NOTICES: We can’t flag all notices here, but submit jobs and events and we’ll post them on our site. See http://www.senscot.net/jobsevents.php. This week:
JOBS: incl. posts with Glasgow East Regeneration Agency, Station House Media Unit, Sidekix, Moore House Care & Education, JMT Care Services, NHS 24, Scottish Churches Housing Action, Angus Mental Health Association (AMHA), CSL Training, Evaluation and Development, Aberdeen Foyer
EVENTS: Peas vs. Pills Health Workshop, Edinburgh, 6 June; Women Make History West End Map Launch, Glasgow women`s Library, 21 Jun; Dealing with Conflict, CSL Training, Evaluation and Development, 22 Jun; East Lothian Artists/Therapy in Art, The Accessible Art Company, 7 Jul;
NETWORKS NEWS: Colin writes: Senscot is now able to access some funds for any LSEN or LSEN members who wish to travel or need to incur other costs in order to learn or build their capacity or skills. Funds would also be available to cover costs for organisations hosting visits. If you’re interested in arranging or participating in such an exchange, contact firstname.lastname@example.org .For more on this and other Networks News, see http://www.senscot.net/networks1st/showart.php?articleid=92
Transform TV – the Glasgow-based Community TV channel – held its first graduation ceremony on Wednesday. 10 young people from areas such as Govan, Blackhill and Possilpark received their awards at an event at BBC Scotland’s Pacific Quay offices in Glasgow. The evening was rounded off with a special screening of their own `Scary Movie` – `A Govan Haunting`. Both Senscot and Local People Leading have commissioned a series of webcasts from Transform TV to be made over the summer. For more, see http://www.senscot.net/view_news.php?viewid=8218
Anyone fancy running a market garden social enterprise in Glasgow? This exciting opportunity is available through CEiS`s Investing Enterprise programme. CEiS has already carried out research for Glasgow City Council on issues around local food production, employment and sustainable use of land. They`re now looking for a social enterprise to host a feasibility study. They`re looking for Notes of Interest by 12th June. See more, https://senscot.net/?viewid=8225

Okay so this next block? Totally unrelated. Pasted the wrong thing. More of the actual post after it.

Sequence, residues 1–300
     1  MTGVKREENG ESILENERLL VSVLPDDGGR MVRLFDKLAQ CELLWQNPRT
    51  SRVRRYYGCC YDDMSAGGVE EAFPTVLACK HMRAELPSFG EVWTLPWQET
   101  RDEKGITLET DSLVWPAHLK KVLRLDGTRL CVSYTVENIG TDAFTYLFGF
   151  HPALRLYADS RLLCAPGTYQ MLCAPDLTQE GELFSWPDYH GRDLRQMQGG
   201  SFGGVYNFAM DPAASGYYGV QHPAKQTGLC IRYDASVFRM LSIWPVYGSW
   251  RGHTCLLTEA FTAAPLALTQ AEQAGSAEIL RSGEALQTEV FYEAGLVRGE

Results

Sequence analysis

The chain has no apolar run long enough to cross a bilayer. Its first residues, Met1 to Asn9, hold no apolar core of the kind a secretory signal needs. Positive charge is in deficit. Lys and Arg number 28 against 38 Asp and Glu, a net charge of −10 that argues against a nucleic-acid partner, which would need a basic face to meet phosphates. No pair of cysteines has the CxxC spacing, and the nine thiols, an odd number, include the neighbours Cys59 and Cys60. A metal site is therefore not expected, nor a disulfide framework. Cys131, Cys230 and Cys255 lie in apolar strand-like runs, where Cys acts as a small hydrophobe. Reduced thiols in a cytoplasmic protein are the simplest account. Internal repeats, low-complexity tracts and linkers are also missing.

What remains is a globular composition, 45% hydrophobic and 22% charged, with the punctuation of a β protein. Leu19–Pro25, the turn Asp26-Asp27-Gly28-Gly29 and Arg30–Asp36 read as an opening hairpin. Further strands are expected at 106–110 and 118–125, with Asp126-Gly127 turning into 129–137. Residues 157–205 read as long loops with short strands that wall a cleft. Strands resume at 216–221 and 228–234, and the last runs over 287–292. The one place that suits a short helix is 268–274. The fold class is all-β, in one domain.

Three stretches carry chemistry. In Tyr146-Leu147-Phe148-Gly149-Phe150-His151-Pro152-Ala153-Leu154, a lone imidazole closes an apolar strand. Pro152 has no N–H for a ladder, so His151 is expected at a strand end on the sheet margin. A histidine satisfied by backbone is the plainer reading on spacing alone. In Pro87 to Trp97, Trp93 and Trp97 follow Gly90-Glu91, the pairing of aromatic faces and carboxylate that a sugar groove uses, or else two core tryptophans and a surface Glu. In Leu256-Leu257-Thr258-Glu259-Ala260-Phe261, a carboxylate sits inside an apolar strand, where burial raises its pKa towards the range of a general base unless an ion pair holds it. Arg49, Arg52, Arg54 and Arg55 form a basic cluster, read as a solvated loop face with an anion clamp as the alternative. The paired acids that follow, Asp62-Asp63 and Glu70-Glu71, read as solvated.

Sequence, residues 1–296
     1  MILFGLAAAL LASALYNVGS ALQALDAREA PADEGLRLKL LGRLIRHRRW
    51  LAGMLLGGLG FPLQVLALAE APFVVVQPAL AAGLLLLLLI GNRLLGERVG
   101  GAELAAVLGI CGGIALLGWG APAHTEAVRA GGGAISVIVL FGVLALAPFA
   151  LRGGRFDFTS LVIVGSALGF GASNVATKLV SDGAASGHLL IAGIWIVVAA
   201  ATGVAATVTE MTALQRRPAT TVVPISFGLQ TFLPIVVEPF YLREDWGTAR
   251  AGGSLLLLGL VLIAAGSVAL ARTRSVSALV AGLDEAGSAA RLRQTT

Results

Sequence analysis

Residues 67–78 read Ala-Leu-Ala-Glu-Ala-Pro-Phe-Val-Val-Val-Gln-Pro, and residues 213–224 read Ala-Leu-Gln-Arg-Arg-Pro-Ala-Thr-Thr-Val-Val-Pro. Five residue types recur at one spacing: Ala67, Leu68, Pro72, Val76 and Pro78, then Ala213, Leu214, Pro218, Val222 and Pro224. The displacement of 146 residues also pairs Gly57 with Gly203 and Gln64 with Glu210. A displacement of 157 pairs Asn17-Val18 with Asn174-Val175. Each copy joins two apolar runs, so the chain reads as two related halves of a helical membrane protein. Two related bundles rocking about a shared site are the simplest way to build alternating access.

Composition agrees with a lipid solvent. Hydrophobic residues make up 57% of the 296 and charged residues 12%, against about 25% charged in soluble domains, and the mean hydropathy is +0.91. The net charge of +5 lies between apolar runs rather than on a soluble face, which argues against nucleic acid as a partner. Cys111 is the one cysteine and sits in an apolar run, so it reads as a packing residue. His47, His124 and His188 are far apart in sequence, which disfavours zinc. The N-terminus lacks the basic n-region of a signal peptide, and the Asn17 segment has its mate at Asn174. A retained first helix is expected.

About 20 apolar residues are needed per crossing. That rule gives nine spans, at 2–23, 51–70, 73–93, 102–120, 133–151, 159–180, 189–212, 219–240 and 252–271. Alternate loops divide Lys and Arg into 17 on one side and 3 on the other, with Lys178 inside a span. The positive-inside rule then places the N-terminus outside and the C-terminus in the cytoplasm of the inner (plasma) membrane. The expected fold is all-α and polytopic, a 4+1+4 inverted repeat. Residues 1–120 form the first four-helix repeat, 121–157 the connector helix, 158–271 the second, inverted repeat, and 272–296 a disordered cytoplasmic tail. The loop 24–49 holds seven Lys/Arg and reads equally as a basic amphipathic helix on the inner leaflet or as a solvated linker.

News from Firstport. Deadline for Level 2 Awards (up to £20k) is 1st July. Draft applications must be in by 15th June. Firstport also running sessions on `Making a Good Application to the Enterprise Fund` along with Scottish Govt. The Enterprise Fund is intended to help your organisation ”make a transformational step change towards building capacity, capability and/or financial sustainability’. The Enterprise Fund`s 1st Funding Panel meets next week with the first tranche of awardees being announced very shortly. For more, see http://www.senscot.net/view_news.php?viewid=8237
This week’s bulletin profiles an emerging social enterprise in West Dunbartonshire. Knowetop Community Farm provides a service to local communities, focusing on environmental awareness, education, animal care and horticulture. As well as offering training places to local unemployed people and school children, they are exploring new income streams through their shop and youth café. For more, see http://www.senscot.net/view_prof.php?viewid=8235
At New Lanark over 200 years ago, Robert Owen realised how business can be used to create social benefit – a prototype of social enterprise. These are his words – same vision as Muhammad Yunus today:
‘I know that society may be formed so as to exist without crime, without poverty, with health greatly improved, with little, if any misery, and with intelligence and happiness increased a hundredfold: and no obstacle whatsoever intervenes at this moment except ignorance to prevent such a state of society from becoming universal….There is but one mode by which man can possess in perpetuity all the happiness which his nature is capable of enjoying – that is by the union and co-operation of all for the benefit of each’.
That’s all for this week. Good luck with your adventures